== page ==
Although she is only in her third year teaching at Dawson County High School, social studies teacher Anne Hyams, 47, is well-known for her passion, creativity and exceptional test scores.
Hyams was selected as the school's 2012-13 teacher of the year in May. She said she was shocked because of all the other hardworking teachers in the school.
"For the first time in my life I was speechless. I was stunned," she said.
"I work with so many gifted, talented and dedicated individuals that there are so many that deserve to be recognized and shown appreciation ... I really didn't expect my name to be called."
Hyams has been teaching for more than 14 years at schools spanning the country. Her husband, Mike, who was in the Marine Corps, took their family on different assignments for 22 years.
"The nature of being a military family, we have had to move every two to three years. So I have had the opportunity to work in different parts of the country and be exposed to different school cultures," she said.
While Hyams believes these experiences have molded her into a better educator, she is happy to "put roots" into the north Georgia area.
"This is home to us," she said.
Principal Jute Wilson said one reason Hyams was recognized as the school's teacher of the year is because of her students' great test scores.
"She works tirelessly to reach every student in her room and it certainly shows up on student performance," he said.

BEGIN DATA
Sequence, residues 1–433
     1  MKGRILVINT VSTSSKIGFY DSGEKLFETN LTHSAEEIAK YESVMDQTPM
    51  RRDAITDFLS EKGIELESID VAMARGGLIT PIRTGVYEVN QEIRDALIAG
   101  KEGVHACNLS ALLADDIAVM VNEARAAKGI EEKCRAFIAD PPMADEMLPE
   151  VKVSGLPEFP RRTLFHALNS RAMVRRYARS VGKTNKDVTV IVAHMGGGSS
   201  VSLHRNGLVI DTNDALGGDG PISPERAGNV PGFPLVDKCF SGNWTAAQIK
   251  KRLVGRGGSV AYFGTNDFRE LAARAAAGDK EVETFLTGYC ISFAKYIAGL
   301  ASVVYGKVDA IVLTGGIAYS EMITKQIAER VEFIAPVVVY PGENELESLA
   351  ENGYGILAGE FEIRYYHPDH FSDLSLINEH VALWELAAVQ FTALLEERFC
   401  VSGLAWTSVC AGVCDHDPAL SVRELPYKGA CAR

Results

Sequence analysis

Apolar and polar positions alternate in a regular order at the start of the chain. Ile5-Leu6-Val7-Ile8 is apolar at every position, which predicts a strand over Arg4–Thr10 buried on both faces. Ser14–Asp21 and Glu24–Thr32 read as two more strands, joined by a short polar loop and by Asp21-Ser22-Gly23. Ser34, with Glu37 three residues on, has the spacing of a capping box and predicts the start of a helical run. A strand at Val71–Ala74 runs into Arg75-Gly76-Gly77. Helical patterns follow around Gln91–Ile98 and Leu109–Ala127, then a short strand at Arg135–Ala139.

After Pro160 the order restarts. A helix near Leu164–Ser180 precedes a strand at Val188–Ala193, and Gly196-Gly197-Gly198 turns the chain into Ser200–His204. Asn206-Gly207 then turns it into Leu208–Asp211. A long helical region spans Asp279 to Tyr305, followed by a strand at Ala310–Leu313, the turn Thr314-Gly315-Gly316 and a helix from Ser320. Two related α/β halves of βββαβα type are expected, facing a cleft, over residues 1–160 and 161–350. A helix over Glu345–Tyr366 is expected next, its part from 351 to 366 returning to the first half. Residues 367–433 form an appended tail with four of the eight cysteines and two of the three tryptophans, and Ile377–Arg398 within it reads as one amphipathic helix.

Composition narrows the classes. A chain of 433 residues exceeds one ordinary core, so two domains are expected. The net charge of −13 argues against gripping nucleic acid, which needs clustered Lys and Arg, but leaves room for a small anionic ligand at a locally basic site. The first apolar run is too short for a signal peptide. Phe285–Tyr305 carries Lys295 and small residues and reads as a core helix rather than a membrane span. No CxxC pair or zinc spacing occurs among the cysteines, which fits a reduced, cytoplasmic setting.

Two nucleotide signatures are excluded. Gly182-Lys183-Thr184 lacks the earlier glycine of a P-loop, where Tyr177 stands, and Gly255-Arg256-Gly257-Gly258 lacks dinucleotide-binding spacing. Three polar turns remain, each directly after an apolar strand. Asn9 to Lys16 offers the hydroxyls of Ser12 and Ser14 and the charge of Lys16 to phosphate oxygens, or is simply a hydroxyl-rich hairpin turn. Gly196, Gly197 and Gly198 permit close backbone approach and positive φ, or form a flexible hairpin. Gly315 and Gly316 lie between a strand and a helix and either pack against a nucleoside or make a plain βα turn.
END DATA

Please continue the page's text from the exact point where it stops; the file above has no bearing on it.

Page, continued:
Wilson said that the school saw record End-of-Course-Test, or EOCT, scores last year in U.S. History, a subject Hyams instructs.
"Our pass rate, 87 percent, jumped an astounding 19 percent from the previous year. The state average was 69 percent," he said.
"The number of our students scoring ‘exceeding' jumped to 54 percent, a 23 percent increase. In simpler terms, over half of our students ‘exceeded' on the EOCT test."
Deneen Trammell, social studies department chair, said Hyams "is always willing to go the extra mile doing anything that is asked of her," including tutoring struggling students after school.
"She has spent countless hours of her own time during the school year and during the summer tutoring students who need extra help with standardized testing," Trammell said.
She also emphasized how Hyams is "a joy to work with."
"She is consistently positive, cheerful and supportive of both students and coworkers," she said.
According to Hyams, she has always known she wanted to be a teacher. She holds a bachelor's degree in education with a specialization in history from North Georgia College & State University.
"I feel like this is what I was meant to do because when I am in front of the students I am in my element," she said. "I have a genuine passion for teaching."
Outside of class, Hyams has served as the girls' basketball assistant coach and this year she is assisting with Y-Club and acting as an assistant coach for track.
She believes in "hands-on" teaching methods and hopes to pull on student's visual, kinetic and auditory learning abilities.
Hyams' goal is to get them interested and interacting with course material and one another.
"History is a story and I am fascinated with our past and predicting where we are heading. I enjoy economics as well because I feel it is information the students will apply in their post-high school years.
"They are learning about investing and saving and how the economy works. These are all crucial topics that they need to be familiar with before they enter the real world."
Later this fall, Hyams has the chance to be selected as the systemwide teacher of the year from among the 2012-13 teachers of the year at each of the local schools.
An external committee of administrators and teachers from neighboring counties will look at each of the nominated teachers and make a final selection.